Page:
Victoria never fully recovered from Albert's death in 1861 and she remained in mourning for the rest of her life.
Her subsequent withdrawal from public life made her unpopular, but during the late 1870s and 1880s she gradually returned to public view and, with increasingly pro-imperial sentiment, she was restored to favour with the British public. After the Indian Mutiny in 1857, the government of India was transferred from the East India Company to the Crown.
In 1877, Victoria became empress of India. Her empire also included Canada, Australia, New Zealand, and large parts of Africa. During this period, Britain was largely uninvolved in European affairs, apart from the Crimean War from 1853 - 1856.
Victoria's Golden Jubilee in 1887 and her Diamond Jubilee in 1897 were celebrated with great enthusiasm. Having witnessed a revolution in British government, huge industrial expansion and the growth of a worldwide empire, Victoria died on 22 January 1901 at Osborne House on the Isle of Wight.
"It is impossible to imagine a prettier spot" - such were the words of Queen Victoria after her first visit to Osborne House on the Isle of Wight.
No trip to the island would be complete without a visit to this royal seaside palace where Queen Victoria lived with her beloved Prince Albert and their nine children.
Take an intimate glimpse into Queen Victoria’s family life as you tour the nursery and private rooms of Victoria and Albert.
Marvel at the magnificence of the Royal Apartments including the sumptuous drawing and dining rooms and the richly decorated Indian-inspired Durbar Room.
Admire the stunning view from the terraces across the Solent – said to remind Prince Albert of the bay of Naples and stroll through Osborne’s extensive grounds. Don’t miss the miniature Swiss Cottage, built to teach the royal children the art of household management!
Ray, thank you, thank you, wonderful information. Is Osbourne House now a museum or is it still a residence used by the Royalty?
Linda, I am looking at Osbourne house if the almost the same as Shugbrough Hall, yes it is a museum, but it maybe a working museum like Shugbrough Hall, with a working museum the staff have to wear the clothing of that day in time, so any visitors go back in time,
now if Osbourne House is the same as I stated this would be amazing site to visit
I been to Shugbrough Hall and I can really say, I did go back in time, problem is Linda, I had come back into my own time which was upsetting, however, I did enjoyed the visit.
Ray, there are a number of places around the U.S. that are similar to this (working musuem). They may not go back as far in hsitory, but they are well worth seeing. I woiuld love to see both Osbourne House and Shugbrough Hall as I love those type of musuems and "going back in time" like that.
If you have never been to the U.S. I think that there are so many things to see. For a first visit, of course you would want to see some of the East Coast things; therefore, Wasington D.C. and the Smithsonium which is the most awesome place. My Aunt told me that if you want to see Washington D.C., to visit the Capital Building, White House, and the Mall with the Jefferson, Washington and Lincoln Monuments, the War Memorials which includes the Wall honoring Vietnam veterans killed in action, etc. But then go to the Smithsonium and plan to spend a week there the first time you visit as you can't just go there for a day and see that much. So this would take care of the first visit to the U.S. if you were only going to be here a couple of weeks.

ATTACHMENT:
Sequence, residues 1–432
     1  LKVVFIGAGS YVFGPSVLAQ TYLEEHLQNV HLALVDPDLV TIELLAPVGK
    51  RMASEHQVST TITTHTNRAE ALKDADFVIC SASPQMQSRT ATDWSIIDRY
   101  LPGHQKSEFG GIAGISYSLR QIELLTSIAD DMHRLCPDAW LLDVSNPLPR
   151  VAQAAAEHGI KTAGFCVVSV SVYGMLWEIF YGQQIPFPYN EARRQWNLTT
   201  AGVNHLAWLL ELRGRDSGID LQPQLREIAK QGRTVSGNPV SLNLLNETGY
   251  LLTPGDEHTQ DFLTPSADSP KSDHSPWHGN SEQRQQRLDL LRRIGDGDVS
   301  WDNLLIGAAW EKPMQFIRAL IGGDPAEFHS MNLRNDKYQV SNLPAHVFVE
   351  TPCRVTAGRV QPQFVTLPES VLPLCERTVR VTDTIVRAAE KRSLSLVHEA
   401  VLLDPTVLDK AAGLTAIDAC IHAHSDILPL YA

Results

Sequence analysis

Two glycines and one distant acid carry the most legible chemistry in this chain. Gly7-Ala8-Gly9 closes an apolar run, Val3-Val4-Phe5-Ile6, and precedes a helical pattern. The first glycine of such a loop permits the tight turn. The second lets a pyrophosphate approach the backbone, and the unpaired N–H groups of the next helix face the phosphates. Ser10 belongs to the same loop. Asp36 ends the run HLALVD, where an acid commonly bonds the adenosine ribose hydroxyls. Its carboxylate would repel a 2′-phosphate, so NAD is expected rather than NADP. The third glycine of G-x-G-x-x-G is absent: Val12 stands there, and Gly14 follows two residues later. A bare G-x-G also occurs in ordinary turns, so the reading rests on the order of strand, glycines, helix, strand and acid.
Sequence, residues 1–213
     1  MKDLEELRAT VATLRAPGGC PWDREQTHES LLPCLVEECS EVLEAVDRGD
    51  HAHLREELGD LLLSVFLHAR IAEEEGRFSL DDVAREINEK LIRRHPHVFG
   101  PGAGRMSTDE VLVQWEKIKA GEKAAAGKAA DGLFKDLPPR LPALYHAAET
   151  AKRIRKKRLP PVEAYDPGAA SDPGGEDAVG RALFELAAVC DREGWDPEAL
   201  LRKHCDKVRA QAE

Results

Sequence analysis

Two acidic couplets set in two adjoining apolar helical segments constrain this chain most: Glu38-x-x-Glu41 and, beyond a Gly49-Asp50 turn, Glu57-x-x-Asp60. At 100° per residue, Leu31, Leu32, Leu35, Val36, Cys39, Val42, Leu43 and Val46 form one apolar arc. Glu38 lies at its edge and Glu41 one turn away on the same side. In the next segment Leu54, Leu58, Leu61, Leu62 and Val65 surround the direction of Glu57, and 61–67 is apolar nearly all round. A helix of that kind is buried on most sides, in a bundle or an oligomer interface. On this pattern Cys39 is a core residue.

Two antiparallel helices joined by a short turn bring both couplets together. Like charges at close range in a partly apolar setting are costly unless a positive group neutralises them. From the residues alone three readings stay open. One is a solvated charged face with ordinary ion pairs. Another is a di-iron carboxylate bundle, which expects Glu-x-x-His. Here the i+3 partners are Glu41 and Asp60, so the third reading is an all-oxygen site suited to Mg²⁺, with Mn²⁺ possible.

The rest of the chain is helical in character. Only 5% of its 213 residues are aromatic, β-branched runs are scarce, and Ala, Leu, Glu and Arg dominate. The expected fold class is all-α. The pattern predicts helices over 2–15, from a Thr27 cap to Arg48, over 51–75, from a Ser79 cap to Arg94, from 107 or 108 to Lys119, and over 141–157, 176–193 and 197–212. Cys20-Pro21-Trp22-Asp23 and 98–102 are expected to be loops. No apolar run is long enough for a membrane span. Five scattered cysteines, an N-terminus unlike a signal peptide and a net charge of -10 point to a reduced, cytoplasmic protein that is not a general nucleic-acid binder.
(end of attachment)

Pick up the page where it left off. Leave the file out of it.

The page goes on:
The next visit you would want to see Williamsburg which is a whole commuinity that dresses in period clothing of the early years of the U.S. (colonial times), and during that visit you might want to see Philadelphia and the Liberty Bell, Gettysburg and the where the battle took place, Arlington Cemetery, and other sites of both Revolutionary War and Civil War up and down the East Coast from Virginia south.
Next visit you would maybe like to see other parts of the U.S. One that I love is to tollow the Oregon Trail which is the route that the settlers took when they started to migrate to the West Coast (California and Oregon Territory). There is so much history associated with this, too.
Ray, I have realized that I could spend the rest of my life traveling around the U.S. and still never see all the things that there are to see. In my home State there are so many things, a working farm that dates back to the 1850's but shows how things were done before more modern equipment, Native American communities and reservations, the Coastal and Cascade Mountain ranges, some outstanding museums such as Marynoll, Grace Campbell House, and any number of them on the West side of the state, wineries, apple and fruit orchards, Grand Coulee Dam which is one of the largest in the U.S. and built under Franklyn D. Roosevelt, the Columbia River and Columbia Basin Irrigation System also built under F.D. Roosevelt, many beautiful lakes and rivers and recreational areas, and I could spend many years just exploring there. Each state has it's unique landscape, historical sites and so much more to offer.
I believe that England and the British Isles would be so much the same and more as the history is so much older. I would love to have the opportuinity to visit there in my lifetime.
Thank you for sharing the historical information and please continue to do so.
Oh my, look at that beautiful period furniture! Thanks, Ray, for sharing this beautiful museum's interior.